A Desert in the Woods 

Holy Wisdom Monastery Benedictine Reflections 9 Comments

By David McKee

the Opus Dei 

in this 

as ever 


Five days alone in the hermitage—no phone, no internet, no reading, no writing, no music—only the Liturgy of the Hours, many hours of wordless prayer, walking, eating, sleeping and silence—suspending all the usual outer distractions of daily life in order to face all the inner ones—all the things that drop a veil between myself and God—all the false selves for which I have so many names, and the desire to let go of all those names and disappear into the true self that is hidden in God. It certainly is what the Tibetans call a bardo—an in-between place—neither this nor that—no familiar ground to stand on—no comforting handles to hold. Just each moment, arising and passing away, and the impulse to cling to it, to make it last, or the impulse to reject it, to make it go away—even while, in fact, the moment is already gone—it  can be neither clung to nor rejected—it is just succeeded by another moment, another sensation, another emotion, another thought, another bur oak shadow cast onto the snow by the waxing moon. Each moment is itself a bardo—one after the other in an endless stream—boundless and bottomless, one unknown passing into the next unknown, inviting me to disappear into it.  The breath comes in, the breath goes out. Sometimes I am breathing, and sometimes there is just the breath and no breather.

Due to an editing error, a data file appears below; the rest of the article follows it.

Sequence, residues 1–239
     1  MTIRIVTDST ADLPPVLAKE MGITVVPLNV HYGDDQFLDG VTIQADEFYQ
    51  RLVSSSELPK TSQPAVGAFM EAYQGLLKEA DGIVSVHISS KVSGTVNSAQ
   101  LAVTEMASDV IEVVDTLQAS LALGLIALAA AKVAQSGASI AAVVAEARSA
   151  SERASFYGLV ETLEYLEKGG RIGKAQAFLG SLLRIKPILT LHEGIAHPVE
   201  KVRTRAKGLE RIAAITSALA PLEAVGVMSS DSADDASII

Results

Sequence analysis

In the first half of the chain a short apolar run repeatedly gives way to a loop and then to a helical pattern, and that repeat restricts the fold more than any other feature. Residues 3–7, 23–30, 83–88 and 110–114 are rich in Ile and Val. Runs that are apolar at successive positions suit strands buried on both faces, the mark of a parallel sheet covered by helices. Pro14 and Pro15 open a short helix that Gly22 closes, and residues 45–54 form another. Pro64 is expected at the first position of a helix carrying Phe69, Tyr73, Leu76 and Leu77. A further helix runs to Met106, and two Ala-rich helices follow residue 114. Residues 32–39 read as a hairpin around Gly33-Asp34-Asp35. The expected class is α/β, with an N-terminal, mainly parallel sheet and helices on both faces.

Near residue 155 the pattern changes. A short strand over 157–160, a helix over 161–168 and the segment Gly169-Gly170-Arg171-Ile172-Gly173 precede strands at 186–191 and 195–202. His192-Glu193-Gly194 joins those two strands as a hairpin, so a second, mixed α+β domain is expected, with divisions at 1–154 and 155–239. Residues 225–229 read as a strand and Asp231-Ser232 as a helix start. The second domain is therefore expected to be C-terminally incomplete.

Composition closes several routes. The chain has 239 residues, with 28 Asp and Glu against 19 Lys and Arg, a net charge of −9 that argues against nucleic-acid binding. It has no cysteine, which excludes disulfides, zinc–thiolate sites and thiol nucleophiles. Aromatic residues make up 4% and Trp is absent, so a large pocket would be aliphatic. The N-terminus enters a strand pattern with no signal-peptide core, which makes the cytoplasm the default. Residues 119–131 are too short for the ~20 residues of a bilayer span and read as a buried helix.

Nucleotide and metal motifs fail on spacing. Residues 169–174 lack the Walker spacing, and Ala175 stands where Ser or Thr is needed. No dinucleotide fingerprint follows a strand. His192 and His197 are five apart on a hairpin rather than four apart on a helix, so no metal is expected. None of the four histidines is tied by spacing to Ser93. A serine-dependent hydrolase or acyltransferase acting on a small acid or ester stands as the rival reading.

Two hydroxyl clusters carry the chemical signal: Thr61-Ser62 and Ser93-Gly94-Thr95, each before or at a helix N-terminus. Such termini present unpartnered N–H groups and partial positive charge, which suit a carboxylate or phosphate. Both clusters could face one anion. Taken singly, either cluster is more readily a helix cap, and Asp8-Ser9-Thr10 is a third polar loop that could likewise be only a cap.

last night of retreat 
the emptiness 
around each star 

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Comments 9

  1. Thank you for sharing the life of the monastery with me. I’m a senior citizen. SSI barely pays for basic necessities. Have applied for numerous jobs with no luck. 42 years of office management and all they see is an old woman of 70. I’m in great health and have stayed active. Life changed with a serious car accident last August but I great now. Please continue to pray for me.

  2. Michael Belongie- poet and contemplative companion

    David, the poetics of the Silent Whisperer,
    “Did I compose these artful words or overhear the Silent
    Shepherd prompting syllables of the sacred?

  3. Thank you David for sharing your experience, even as it was ever changing. I appreciate your gift with words.

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